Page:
Customizing iWork ’09: Inserting current date

Posted by Pierre Igot in: Pages
April 22nd, 2010 • 3:36 pm

Long-time Betalogue readers know that I am an enthusiastic user of Spell Catcher X. Its multilingual spell checking and automatic text entry features are invaluable in my daily work and I totally depend on them for sustaining my high level of productivity.

However, while it already does a lot, and does more with each new release, thanks to the skills and responsiveness of its developer Evan Gross, it cannot do everything I need, in part simply because of the way it works, i.e. via Mac OS X’s Input menu.

Fortunately, I have recently discovered that I can supplement Spell Catcher’s features using Keyboard Maestro. Keyboard Maestro can do things that Spell Catcher cannot, and can thus come to my rescue when I want something that falls outside Spell Catcher’s field of expertise. (And the two are perfectly compatible with each other, of course.)

I’ve recently posted about using Keyboard Maestro to automatically insert specific French phrases such as the French equivalents of “19th Century,” “20th Century,” and so on.

Essentially, such macros mimic what one would normally do manually, i.e. they insert the text as plain characters and then go back and select the appropriate bits and apply specific types of formatting to them (small caps, superscript, etc.).

Of course, Spell Catcher has the capability to insert the text. (It can even do things that Keyboard Maestro cannot, i.e. insert a different string for the same abbreviation depending on which language you are typing in, which is why it is better than Keyboard Maestro for automatic text insertion that does not involve formatting options.) And it can also move the insertion point around by mimicking the use of the cursor keys, like Keyboard Maestro.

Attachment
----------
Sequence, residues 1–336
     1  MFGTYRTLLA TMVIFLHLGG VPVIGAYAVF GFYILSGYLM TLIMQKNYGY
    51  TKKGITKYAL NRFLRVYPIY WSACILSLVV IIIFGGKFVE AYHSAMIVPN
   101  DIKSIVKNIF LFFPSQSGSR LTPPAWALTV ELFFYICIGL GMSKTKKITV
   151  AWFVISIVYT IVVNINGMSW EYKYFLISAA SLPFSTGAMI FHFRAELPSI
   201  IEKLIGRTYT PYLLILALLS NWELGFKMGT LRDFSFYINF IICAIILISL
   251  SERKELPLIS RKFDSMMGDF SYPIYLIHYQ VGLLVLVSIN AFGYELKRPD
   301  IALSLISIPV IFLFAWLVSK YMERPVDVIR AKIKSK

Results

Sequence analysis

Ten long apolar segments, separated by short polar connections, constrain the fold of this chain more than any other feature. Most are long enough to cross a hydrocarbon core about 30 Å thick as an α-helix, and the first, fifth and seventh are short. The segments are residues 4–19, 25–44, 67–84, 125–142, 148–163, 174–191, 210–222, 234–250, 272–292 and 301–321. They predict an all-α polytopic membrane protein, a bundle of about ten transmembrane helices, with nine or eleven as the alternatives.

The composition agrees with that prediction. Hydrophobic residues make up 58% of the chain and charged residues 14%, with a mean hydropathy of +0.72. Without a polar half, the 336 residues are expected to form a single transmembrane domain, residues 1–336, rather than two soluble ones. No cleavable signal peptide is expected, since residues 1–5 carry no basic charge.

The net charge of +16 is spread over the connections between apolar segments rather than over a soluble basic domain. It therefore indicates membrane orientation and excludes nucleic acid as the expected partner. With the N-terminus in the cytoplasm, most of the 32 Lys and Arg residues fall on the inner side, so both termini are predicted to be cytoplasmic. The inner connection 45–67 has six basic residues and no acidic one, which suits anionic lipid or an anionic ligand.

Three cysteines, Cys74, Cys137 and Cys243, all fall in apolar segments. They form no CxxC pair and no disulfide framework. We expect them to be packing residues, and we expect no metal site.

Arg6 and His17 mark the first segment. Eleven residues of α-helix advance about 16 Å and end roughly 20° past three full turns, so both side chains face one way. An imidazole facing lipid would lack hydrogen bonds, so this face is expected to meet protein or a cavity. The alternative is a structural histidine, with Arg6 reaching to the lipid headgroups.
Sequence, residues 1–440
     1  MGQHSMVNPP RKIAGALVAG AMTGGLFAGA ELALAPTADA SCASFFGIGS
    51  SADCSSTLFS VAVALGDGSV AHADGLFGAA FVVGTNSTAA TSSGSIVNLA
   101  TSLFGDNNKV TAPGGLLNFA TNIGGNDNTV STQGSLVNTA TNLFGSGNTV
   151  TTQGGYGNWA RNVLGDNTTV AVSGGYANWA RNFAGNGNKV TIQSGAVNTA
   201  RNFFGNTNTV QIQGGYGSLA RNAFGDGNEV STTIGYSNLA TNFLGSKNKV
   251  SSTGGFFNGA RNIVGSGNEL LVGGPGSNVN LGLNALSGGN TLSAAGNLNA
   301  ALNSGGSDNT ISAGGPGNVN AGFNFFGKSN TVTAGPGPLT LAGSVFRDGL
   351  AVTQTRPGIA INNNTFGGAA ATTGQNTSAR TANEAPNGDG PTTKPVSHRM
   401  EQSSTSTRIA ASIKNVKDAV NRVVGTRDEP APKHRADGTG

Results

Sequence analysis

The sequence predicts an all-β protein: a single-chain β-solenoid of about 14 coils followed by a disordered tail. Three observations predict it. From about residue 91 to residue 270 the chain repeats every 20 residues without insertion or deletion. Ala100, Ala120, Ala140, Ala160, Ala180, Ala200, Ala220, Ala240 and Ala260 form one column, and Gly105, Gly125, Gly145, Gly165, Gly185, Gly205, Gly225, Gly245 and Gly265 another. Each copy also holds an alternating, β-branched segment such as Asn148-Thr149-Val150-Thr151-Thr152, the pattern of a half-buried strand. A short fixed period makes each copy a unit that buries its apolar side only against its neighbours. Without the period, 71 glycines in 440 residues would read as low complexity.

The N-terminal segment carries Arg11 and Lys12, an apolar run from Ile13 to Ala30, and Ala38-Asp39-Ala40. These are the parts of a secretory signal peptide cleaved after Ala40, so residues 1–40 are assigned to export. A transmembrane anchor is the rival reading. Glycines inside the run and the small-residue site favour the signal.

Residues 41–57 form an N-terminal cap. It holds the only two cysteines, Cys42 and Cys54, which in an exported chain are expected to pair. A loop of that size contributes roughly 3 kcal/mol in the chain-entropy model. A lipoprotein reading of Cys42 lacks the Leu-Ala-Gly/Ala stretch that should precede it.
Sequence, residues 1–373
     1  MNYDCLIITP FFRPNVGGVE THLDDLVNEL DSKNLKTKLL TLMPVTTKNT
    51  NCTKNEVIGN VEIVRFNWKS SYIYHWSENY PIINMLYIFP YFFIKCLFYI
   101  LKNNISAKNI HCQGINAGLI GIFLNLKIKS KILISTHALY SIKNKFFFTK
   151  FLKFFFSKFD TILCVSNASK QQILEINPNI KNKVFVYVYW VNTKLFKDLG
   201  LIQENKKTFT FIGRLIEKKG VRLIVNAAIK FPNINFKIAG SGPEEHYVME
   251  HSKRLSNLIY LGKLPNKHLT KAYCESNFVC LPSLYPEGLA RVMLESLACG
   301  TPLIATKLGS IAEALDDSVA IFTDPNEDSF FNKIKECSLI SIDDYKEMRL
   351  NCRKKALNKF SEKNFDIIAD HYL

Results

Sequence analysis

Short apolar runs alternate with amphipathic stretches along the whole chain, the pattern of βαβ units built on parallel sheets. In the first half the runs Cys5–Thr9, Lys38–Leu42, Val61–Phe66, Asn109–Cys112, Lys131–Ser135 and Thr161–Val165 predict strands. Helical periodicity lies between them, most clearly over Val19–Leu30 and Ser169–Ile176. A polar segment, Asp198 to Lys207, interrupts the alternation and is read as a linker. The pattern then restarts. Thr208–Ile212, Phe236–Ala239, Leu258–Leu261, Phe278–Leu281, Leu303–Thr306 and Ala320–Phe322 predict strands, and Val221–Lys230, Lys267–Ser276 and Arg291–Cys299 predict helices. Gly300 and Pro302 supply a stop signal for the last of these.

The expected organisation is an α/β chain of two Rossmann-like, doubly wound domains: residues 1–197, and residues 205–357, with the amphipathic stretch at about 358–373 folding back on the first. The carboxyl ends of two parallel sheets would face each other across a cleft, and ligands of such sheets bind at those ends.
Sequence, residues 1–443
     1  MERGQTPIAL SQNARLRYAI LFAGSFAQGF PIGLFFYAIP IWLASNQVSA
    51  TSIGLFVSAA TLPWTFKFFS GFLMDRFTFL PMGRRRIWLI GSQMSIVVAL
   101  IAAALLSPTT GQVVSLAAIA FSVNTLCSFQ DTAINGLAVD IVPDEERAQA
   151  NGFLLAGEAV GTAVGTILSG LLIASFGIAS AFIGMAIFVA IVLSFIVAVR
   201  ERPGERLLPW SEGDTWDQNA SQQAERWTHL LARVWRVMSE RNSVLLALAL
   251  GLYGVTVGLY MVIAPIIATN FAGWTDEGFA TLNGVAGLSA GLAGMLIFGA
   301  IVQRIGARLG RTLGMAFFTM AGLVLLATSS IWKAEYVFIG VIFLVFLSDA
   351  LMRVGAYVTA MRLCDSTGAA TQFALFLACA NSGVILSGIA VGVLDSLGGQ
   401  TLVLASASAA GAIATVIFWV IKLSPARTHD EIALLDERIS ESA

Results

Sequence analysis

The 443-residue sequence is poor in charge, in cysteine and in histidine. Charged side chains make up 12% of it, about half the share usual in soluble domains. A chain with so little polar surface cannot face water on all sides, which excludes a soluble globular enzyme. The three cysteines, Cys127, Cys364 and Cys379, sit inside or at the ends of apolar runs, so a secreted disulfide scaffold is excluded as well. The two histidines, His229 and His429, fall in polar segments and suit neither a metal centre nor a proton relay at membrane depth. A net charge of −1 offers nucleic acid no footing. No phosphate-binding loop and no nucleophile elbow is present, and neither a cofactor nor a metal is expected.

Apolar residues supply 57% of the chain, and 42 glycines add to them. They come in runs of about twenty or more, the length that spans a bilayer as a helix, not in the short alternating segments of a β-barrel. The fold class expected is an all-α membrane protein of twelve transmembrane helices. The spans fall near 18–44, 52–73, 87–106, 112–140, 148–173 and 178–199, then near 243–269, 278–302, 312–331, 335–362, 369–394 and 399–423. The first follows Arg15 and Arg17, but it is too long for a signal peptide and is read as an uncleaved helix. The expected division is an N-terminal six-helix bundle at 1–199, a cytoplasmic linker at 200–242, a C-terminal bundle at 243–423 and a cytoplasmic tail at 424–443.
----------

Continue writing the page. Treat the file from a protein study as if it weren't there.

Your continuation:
But it cannot automatically select menu items, in order to apply formatting options.

Another thing that Spell Catcher cannot do is work well within tables, whether it’s in Pages ’09 or in Numbers ’09. Because Mac OS X intercepts the Tab keystroke that is used to jump from table cell to table cell, Spell Catcher cannot detect it and therefore cannot know that you’ve changed cells and started a new word. And so you cannot use Spell Catcher glossary abbreviations (for automatic text insertion) immediately after entering a new table cell. You first have to type a word separator, such as a space.

This is particularly a problem for me for entering dates in table cells. I have a universal glossary abbreviation in Spell Catcher that automatically inserts the current date in the yyyy-mm-dd format when I type “sd” (as in ”small date”) followed by a word separator. But when I enter a new table cell with the Tab key and just want to insert the current date there, it does not work, because Spell Catcher does “know” that I have changed cells and started a new word, so it still thinks that “sd” is part of the last word that I typed in the previous cell (and of course also plays an alert to indicate a spelling mistake).